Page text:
importance of human and institutional capital
During the 20th century, tangible elements such as capital,
natural resources and labour were the driving force behind
economic development. Today, many development experts and
policy-makers see investing in science and technology as
a means for driving forward progress in development, despite
the lack of clear theoretical/quantitative links between
science and technology research and economic development.
Successful science and technology endeavour is a gradual
process that combines training, education, infrastructure,
continued investment, competence and experience. However,
this will only lead to economic growth if developing countries
have the capacity to absorb and use that science and technology.
The message is clear. In the new century, intangible
elements such as the capacity to generate and use scientific
and technological knowledge, access to information, and
human creativity will give nations a competitive edge. Developing
countries that lagged behind in their industrialisation
during the 20th century can overcome poverty and achieve
economic growth by successfully developing their human and
institutional resources. To achieve this, North-South science
and technology (S&T) cooperation for development is
The European Commission's
Knowledge has become an important and growing factor in
economic development and competitiveness and the tool to
overcome the imbalance in 'knowledge assets' between industrialised
and developing countries. Investing in knowledge generation
and use will prevent the exclusion of developing economies
from the knowledge society and all the negative impacts
associated with such exclusion.
In this context, it is important to emphasise European
Commissioner Paul Nielsen's remarks to the European Parliament:
"I agree that sustainable improvement of human well-being
now depends crucially on knowledge, its production, distribution,
ownership and wise application. Research carried out domestically
and internationally is vitally important for the production
of knowledge that a country can use for its development.
Smallness, remoteness or lack of a natural resource base,
factors which have traditionally been regarded as handicaps
to development, have been turned on their head. Knowledge
management, the capacity to apply information to social
and economic development, is emerging as a key factor.
The acceleration of technological development, that is
currently underpinning the world economy, offers developing
countries opportunities for technological leapfrogging.
However, without a minimum of domestic research and knowledge
capacity, a country cannot even import knowledge effectively.
An indigenous capacity is therefore a prerequisite for development."
Investment in human capital is one outcome of the European
Union (EU) S&T cooperation programmes - building science
and technology research capacity and helping developing
countries to create the human capital necessary for socially
and environmentally sustainable development, particularly
in a globalising world.
Emphasis has been given to the development of genuine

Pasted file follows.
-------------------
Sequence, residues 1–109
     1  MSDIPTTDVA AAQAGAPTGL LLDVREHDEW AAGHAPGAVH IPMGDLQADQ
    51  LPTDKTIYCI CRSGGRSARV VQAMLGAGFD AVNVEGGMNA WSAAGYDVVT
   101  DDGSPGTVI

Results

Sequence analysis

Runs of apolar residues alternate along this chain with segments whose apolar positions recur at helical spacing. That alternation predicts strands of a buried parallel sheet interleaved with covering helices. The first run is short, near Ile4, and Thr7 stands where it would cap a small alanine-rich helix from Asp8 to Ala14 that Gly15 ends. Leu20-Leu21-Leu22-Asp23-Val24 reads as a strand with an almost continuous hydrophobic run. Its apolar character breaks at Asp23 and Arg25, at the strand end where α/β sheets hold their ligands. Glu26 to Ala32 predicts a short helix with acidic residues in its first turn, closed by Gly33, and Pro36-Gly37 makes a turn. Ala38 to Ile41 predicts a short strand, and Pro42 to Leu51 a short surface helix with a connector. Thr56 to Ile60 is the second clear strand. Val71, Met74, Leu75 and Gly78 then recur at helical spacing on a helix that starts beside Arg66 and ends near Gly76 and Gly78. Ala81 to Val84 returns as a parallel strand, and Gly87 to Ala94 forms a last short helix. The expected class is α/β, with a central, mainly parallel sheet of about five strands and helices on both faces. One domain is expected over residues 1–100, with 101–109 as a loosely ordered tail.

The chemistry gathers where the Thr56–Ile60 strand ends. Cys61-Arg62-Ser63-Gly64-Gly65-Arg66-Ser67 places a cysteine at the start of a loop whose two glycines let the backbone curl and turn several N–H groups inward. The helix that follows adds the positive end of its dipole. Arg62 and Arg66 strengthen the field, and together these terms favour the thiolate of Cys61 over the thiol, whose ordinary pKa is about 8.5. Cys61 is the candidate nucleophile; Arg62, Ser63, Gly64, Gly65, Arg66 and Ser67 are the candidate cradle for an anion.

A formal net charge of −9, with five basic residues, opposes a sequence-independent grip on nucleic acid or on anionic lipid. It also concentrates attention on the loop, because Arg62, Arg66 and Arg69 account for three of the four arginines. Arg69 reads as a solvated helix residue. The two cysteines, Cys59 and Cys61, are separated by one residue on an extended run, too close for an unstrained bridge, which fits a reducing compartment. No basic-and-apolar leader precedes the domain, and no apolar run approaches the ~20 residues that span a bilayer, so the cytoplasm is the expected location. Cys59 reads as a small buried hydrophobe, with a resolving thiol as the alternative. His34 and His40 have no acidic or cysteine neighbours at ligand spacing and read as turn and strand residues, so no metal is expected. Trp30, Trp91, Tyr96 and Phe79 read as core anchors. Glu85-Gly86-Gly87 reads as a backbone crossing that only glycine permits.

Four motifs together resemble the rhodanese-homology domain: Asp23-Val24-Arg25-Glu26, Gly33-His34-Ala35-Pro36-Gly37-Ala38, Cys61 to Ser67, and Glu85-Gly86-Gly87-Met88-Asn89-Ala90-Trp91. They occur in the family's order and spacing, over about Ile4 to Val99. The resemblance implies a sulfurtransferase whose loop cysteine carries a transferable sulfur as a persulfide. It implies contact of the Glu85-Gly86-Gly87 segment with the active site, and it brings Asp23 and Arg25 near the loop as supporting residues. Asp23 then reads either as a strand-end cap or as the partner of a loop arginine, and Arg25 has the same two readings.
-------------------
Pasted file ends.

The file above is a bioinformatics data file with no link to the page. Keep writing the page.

and durable EU-South partnerships, mobilising local scientists
and helping to strengthen the local RTD potential. By financing
quality research in scientific institutions, new North-North,
North-South and South-South partnerships in research have
been established and centres of excellence for training
young scientists created. Training has been carried out
as an integral part of the project work. Support frequently
allowed for a stay in a European university, while guaranteeing
the return of young researchers to their original institutions.
The benefit is reciprocal, as each partner in a training
programme emerges with a greater understanding of the others'
situations. In this way the 20 years of development partnership
between the EU and the developing countries produces real
outcomes. Similarly, such partnerships may help them to
define and choose development options, acquire indigenous
capacity to create human capital and appropriate institutions
and infrastructure for development, and to have a more equitable
say in international affairs.
Through the Doha and Monterrey processes, the EU has committed
itself to supporting sustainable and equitable development
in developing countries(1), thus reaffirming
its leading international role. Development is a key horizontal
issue throughout the Doha Declaration _ including areas
of market access, the commitments made in trade?related
assistance and capacity building, as well as special and
differential treatment of developing countries.
Ten years after Rio, the EU will seek to achieve four
strategic objectives(2) through the
2002 World Summit on Sustainable Development:
- increased global equity and an effective
partnership for sustainable development;
- better integration and coherence
at the international level;
- adoption of environment and development targets
to revitalise and sharpen the political commitment; and
- more effective action at national level,
and international monitoring.
Achieving these objectives necessitates considerable
investments in human and institutional resources, mobilising
all available sources of support and drawing on knowledge-based
approaches to training and innovative organisation.